“When I came into camp after the recent Six Nations, I was thinking to myself ‘I don’t know how to play sevens, I’m no good at sevens’ and that was playing on my mind, but after a week or so, I felt like I had never been away from sevens although the lungs took a bit longer to get used to it,” Matthews states.
“We are just ready to play to see where we are at as a squad and we want to try things out in matches that we have been working on in practice such as the shift in our defensive structures and the way we are looking to play.
“We have been pushing the aggression in ‘D’ this week at training and the attack has been coming together so this tournament will really be able to give us a benchmark of where we are at to build from and work on lots of different kinds of combinations.
“It may take us time to get things right out on the pitch and we will have to problem solve out there, but it will just be so good to be playing again and to think that we are a few weeks away from potentially being selected for an Olympics in Tokyo is mad.
“I used to think growing up only superheroes went to the Olympics, but now I have the chance to potentially be there and that blows my mind a bit.”
GB Sevens women’s head coach Scott Forrest believes Matthews’ experience in both sevens and XV’s at the top level is invaluable to the group.
“Alex is a very calm person and around the squad, she adds so much both on and off the pitch,” the Scotsman, who himself played in the Delhi Commonwealth Games in 2010, said.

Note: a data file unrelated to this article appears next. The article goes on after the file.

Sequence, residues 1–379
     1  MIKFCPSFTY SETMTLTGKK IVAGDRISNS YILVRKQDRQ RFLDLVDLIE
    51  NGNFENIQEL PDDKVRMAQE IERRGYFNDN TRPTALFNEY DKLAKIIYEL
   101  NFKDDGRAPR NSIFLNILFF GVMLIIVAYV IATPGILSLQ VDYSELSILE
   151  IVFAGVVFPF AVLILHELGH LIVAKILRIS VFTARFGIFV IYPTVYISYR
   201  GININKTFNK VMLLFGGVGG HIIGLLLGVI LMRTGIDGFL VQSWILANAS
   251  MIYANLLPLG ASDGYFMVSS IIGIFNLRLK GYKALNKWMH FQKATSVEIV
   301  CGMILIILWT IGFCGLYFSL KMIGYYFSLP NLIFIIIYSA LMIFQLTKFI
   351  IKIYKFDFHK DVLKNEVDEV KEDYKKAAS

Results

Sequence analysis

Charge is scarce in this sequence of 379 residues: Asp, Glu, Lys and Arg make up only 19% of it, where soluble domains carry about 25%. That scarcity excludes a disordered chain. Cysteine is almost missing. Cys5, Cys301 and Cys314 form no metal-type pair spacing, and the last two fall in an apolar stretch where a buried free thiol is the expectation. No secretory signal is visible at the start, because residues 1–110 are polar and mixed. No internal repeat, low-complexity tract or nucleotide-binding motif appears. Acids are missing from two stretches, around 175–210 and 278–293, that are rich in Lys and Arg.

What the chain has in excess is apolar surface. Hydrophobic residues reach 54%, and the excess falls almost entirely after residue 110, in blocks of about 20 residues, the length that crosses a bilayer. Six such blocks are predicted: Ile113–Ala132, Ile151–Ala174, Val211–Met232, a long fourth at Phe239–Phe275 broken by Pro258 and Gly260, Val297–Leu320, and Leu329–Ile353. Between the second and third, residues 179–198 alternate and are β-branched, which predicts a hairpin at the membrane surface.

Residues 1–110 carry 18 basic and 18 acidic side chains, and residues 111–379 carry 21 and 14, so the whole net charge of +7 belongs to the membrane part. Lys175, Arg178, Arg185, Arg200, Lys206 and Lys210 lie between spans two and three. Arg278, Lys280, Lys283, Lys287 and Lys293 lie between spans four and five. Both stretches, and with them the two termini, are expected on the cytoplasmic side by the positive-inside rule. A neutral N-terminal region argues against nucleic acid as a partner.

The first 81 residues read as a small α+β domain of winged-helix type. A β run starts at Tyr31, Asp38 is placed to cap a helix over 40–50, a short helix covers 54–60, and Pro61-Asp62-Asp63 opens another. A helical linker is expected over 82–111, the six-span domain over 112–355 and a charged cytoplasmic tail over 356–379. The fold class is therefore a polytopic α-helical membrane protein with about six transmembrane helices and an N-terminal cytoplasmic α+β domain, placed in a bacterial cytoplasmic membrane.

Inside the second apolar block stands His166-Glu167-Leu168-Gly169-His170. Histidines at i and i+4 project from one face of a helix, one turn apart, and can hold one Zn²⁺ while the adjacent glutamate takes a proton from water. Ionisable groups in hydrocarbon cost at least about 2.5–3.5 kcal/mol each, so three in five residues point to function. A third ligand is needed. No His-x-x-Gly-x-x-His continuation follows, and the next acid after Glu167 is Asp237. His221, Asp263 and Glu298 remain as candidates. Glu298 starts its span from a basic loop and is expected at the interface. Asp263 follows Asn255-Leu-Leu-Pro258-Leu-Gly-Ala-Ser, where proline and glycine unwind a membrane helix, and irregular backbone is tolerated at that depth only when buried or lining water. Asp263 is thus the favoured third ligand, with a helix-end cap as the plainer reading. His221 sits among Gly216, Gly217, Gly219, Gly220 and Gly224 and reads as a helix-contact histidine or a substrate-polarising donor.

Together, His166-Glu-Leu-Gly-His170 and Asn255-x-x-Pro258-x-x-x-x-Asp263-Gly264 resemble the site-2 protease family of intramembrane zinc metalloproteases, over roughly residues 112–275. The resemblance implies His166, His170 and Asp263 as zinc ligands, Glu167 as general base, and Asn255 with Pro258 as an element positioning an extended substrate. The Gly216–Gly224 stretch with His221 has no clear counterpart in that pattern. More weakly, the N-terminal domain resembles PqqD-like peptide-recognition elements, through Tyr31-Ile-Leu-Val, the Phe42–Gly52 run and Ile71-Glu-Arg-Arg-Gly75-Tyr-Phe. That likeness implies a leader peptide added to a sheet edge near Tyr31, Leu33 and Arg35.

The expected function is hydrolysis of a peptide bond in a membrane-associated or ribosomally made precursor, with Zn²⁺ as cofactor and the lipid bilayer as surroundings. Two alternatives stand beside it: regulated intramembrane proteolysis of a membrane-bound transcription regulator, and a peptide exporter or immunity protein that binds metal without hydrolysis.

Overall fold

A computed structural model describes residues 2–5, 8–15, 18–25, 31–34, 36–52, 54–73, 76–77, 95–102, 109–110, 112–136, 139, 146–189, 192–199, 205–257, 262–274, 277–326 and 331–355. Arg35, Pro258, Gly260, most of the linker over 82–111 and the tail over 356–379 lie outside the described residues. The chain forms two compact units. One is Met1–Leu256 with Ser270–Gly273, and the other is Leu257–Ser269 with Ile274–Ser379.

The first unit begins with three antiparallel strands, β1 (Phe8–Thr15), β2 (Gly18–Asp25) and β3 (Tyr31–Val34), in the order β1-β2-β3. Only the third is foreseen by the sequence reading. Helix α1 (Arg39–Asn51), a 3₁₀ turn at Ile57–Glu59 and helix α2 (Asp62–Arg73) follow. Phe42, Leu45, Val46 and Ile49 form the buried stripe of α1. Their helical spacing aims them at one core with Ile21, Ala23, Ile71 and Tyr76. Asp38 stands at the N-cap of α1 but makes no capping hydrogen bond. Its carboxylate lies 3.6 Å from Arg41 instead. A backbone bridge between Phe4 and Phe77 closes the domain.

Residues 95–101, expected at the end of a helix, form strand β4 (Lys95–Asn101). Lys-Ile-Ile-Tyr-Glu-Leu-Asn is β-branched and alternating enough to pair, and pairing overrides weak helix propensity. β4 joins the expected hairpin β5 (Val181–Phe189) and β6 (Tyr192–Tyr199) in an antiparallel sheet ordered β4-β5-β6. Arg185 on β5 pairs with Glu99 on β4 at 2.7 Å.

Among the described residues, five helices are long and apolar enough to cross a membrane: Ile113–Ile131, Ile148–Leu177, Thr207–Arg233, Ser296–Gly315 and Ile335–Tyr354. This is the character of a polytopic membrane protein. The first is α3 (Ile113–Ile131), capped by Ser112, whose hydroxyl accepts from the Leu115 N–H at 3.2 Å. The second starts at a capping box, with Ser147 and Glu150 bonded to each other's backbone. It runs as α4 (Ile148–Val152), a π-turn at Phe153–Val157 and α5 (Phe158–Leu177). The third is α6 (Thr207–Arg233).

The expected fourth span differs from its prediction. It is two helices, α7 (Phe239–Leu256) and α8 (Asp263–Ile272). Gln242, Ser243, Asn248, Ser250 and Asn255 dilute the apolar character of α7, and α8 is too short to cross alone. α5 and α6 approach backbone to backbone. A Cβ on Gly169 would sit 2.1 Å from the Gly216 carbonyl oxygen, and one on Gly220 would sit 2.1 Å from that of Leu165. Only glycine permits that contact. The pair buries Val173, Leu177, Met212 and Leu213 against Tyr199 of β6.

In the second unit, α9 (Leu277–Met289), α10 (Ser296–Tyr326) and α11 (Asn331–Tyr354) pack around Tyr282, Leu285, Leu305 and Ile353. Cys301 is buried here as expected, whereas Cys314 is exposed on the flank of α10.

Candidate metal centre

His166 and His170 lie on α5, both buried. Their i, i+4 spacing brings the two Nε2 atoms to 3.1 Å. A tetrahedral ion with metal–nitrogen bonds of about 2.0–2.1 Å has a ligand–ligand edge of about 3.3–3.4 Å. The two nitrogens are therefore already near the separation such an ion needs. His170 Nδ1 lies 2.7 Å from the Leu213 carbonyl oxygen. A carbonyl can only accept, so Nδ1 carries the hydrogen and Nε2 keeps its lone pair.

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“In terms of her rugby experience, she has had success at the highest level and pre-Covid, her performances on the World Sevens Series were up there with anyone in her position.
“She has gone back to XVs and been able to be part of a winning England side and she seems to have taken that on because she has been bouncing about around the place and seems to be really enjoying her training.”
Meanwhile, Forrest has confirmed that England’s Lydia Thompson is training with the group and that Scotland’s Rhona Lloyd has recovered from injury and will be involved in the coming days, all being well.
Women: Holly Aitchison (England), Abbie Brown (England), Abi Burton (England), Heather Fisher (England), Deborah Fleming (England), Megan Gaffney (Scotland), Hannah Jones (Wales), Megan Jones (England), Jasmine Joyce (Wales), Rhona Lloyd (Scotland), Alex Matthews, (England), Helen Nelson (Scotland), Celia Quansah (England), Chloe Rollie (Scotland), Helena Rowland (England), Hannah Smith (Scotland), Lydia Thompson (England) Lisa Thomson (Scotland), Emma Uren (England), Amy Wilson-Hardy (England).
Men: Dan Bibby (England), Tom Bowen (England), Richard de Carpentier (England), Alec Coombes (Scotland), Alex Davis (England), Tom Emery (England), Jamie Farndale (Scotland), Robbie Fergusson (Scotland), Ben Harris (England), Paddy Kelly (Scotland), Ollie Lindsay-Hague (England), Ross McCann (Scotland), Max McFarland (Scotland), Tom Mitchell (England), Luke Morgan (Wales), Will Muir (England), Dan Norton (England), Luke Treharne (Wales), Ethan Waddleton (England), Morgan Williams (Wales).